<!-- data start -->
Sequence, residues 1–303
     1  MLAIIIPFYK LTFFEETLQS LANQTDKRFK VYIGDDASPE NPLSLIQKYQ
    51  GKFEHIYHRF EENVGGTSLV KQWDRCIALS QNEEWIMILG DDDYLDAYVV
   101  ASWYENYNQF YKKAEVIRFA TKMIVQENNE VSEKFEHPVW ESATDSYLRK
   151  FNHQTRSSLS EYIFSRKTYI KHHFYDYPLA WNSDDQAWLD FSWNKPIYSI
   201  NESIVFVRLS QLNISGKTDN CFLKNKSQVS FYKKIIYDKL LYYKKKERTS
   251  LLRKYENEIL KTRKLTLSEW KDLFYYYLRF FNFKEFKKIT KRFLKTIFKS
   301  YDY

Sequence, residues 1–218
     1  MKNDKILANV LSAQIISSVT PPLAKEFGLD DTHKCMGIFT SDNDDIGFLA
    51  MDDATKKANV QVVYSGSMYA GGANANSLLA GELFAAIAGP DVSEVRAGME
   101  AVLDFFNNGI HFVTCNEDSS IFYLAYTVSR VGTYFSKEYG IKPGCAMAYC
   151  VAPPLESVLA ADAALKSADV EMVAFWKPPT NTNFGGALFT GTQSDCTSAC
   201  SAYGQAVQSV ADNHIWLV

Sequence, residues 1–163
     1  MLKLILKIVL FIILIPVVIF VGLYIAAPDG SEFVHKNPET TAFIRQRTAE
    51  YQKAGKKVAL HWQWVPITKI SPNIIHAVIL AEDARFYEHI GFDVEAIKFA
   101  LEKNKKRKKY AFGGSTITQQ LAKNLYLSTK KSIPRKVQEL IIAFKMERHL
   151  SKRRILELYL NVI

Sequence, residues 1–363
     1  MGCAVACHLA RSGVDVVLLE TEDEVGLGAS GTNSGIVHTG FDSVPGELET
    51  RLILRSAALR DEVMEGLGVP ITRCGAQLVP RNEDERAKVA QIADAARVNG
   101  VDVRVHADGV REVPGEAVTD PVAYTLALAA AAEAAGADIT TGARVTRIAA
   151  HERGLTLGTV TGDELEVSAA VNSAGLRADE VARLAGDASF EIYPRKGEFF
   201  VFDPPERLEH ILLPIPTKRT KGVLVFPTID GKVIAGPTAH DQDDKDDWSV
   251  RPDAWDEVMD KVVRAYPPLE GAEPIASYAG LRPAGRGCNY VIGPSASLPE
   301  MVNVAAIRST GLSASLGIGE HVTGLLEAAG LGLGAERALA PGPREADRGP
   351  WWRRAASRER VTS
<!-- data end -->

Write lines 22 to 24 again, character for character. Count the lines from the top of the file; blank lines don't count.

    51  RLILRSAALR DEVMEGLGVP ITRCGAQLVP RNEDERAKVA QIADAARVNG
   101  VDVRVHADGV REVPGEAVTD PVAYTLALAA AAEAAGADIT TGARVTRIAA
   151  HERGLTLGTV TGDELEVSAA VNSAGLRADE VARLAGDASF EIYPRKGEFF